More than a year after its first twirl at Sundance, this Amy AdamsEmily Blunt dramedy finally shrugs its way into theaters, and it feels almost like an afterthought. A film about sisters who go into the crime-scene clean-up business, its a muddled mess: terrific performances (from Adams, especially, as the exhigh school cheerleader now at the bottom of the pile) buried beneath contrivances and clichés, not to mention Alan Arkin cast yet again as the foul-mouthed gramps dispensing four-lettered advice to a troubled youngster (Jason Spevack, as Adamss son, wholl lick anything and anyone). Director Christine Jeffs, working with Megan Holleys screenplay, renders the light and dark as a muddy shade of sitcom-pilot gray. This has the makings of a great Showtime seriesfeels a bit like Weeds, but with cleaning fluid instead of bong water. Too bad whats intended to play as funny (girls and gore) stumbles into slapstick; whats meant to play as profound (girls and dead-mommy issues) sinks into the overwrought. Yet another willful, comically tortured indie coated with Hollywoods happy-ending sheenor perhaps, at this point, its simply hard to buy the perky Adams and pretty Blunt as schlumpy losers trapped in the bland flyover with an Oscar-winner stuck in rerun mode.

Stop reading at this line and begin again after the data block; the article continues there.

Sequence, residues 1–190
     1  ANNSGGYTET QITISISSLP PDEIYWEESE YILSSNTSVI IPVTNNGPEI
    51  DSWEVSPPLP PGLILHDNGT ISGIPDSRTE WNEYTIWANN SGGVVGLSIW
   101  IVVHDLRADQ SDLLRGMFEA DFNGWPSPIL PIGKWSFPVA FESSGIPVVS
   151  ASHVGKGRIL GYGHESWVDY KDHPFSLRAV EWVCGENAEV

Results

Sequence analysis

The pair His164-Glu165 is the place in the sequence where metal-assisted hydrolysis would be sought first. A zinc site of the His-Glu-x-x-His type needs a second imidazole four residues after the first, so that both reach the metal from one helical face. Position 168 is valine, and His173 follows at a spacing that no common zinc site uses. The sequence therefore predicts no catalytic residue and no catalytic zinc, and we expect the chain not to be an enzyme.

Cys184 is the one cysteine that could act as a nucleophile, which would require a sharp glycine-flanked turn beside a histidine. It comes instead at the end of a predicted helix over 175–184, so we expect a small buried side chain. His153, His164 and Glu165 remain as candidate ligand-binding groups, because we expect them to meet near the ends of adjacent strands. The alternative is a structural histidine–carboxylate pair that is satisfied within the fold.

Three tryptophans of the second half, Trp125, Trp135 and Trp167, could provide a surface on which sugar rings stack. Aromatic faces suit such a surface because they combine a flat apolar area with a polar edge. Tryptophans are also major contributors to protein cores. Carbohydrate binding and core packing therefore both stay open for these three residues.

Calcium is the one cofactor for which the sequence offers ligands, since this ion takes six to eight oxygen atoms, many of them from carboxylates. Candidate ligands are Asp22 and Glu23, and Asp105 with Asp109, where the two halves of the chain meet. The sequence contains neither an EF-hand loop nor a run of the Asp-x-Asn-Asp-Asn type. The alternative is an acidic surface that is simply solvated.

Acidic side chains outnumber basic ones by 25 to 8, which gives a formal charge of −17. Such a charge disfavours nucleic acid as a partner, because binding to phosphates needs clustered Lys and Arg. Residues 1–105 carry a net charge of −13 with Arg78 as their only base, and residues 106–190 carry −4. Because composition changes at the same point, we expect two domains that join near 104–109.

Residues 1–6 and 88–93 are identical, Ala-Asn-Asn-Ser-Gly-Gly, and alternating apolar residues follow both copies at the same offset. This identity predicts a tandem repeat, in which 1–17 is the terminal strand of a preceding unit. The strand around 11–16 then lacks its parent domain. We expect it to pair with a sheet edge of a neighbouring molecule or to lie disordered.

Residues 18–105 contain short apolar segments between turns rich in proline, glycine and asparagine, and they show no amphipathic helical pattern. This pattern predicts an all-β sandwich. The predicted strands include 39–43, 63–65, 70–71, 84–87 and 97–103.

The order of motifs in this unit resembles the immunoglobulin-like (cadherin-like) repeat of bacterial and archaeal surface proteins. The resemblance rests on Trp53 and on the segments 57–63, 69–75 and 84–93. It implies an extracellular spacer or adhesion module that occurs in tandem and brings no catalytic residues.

March 23-May 7, 2009